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Updated Practice Guidelines for Ovarian Cancer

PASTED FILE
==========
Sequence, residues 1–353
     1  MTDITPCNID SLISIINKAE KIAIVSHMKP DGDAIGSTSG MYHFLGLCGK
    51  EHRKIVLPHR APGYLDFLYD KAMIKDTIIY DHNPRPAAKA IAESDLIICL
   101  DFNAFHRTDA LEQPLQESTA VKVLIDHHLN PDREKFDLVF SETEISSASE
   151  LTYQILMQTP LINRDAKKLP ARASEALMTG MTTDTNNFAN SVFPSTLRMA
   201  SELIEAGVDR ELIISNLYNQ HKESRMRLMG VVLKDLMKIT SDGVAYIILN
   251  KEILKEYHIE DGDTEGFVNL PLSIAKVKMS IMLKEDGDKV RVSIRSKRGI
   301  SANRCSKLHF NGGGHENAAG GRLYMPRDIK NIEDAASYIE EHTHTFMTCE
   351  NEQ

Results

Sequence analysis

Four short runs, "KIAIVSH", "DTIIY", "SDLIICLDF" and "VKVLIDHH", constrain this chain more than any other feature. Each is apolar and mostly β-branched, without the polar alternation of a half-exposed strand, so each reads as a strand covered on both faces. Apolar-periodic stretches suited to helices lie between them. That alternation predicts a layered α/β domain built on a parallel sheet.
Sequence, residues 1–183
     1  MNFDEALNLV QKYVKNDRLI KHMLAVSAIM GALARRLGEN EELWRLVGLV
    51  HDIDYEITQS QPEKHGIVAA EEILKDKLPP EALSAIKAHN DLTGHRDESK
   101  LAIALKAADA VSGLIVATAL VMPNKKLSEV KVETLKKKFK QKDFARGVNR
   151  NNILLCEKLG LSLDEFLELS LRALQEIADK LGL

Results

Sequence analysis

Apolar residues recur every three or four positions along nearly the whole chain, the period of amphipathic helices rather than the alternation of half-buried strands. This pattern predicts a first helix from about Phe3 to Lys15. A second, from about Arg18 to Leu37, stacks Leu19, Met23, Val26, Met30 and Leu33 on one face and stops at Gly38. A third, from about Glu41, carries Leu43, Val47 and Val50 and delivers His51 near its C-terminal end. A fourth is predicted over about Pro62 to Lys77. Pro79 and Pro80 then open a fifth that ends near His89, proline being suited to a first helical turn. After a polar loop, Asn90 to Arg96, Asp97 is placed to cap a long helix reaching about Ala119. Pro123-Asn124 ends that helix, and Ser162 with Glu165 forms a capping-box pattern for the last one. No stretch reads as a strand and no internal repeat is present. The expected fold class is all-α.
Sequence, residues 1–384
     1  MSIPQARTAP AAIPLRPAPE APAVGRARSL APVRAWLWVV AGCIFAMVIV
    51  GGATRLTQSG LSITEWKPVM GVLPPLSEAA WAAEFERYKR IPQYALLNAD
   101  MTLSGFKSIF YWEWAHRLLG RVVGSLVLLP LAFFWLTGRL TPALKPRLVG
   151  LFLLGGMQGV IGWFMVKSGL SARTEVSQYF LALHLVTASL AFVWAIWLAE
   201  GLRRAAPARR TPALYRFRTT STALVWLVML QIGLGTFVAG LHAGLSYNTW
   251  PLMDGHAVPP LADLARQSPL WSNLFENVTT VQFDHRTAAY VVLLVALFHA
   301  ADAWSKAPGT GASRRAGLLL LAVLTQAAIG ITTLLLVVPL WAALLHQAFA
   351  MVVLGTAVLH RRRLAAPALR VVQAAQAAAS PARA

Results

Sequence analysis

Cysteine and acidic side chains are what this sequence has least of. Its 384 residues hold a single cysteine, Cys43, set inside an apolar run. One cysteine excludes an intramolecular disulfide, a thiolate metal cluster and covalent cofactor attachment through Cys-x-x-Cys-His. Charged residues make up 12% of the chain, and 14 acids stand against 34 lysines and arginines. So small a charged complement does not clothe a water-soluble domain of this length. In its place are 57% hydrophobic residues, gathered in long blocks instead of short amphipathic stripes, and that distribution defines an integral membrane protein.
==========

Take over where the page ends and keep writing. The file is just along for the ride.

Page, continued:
A major challenge in treating ovarian cancer is that by the time most patients are diagnosed with the disease, it has already progressed to stage III or IV. The difficult-to-examine location of the ovaries deep in the pelvis tends to prevent physicians from detecting ovarian cancer at a more curable stage. Until recently, patients with the disease were often thought to exhibit no symptoms during the earliest stages of the disease. Recent studies have demonstrated that certain symptoms are more common in women with ovarian cancer when compared with women in the general population. Up to 90% of women with the disease will experience symptoms earlier. Symptoms suggestive of ovarian cancer include bloating, pelvic or abdominal pain, difficulty eating or feeling full quickly, and urinary symptoms (urgency or frequency), particularly if the symptoms are new (onset within the past year) and frequent (occurring more than 12 days per month). However, these symptoms are non-specific and are often mistaken for other conditions. Awareness of symptoms may allow physicians to detect ovarian cancer earlier. The National Comprehensive Cancer Network (NCCN) recently released clinical practice guidelines in oncology for ovarian cancer. One of the new revisions is an emphasis on the possibility that early-stage symptoms of ovarian cancer may be present. “Improving screening methods and early detection remain the key for women with ovarian cancer,” says Robert J. Morgan, Jr., MD, FACP who chaired the NCCN panel that developed the guidelines. Managing Allergic Reactions Chemotherapy drugs have the potential to cause infusion reactions, either during an infusion or following completion of an infusion. Reactions to platinum drugs (eg, carboplatin and cisplatin) tend...
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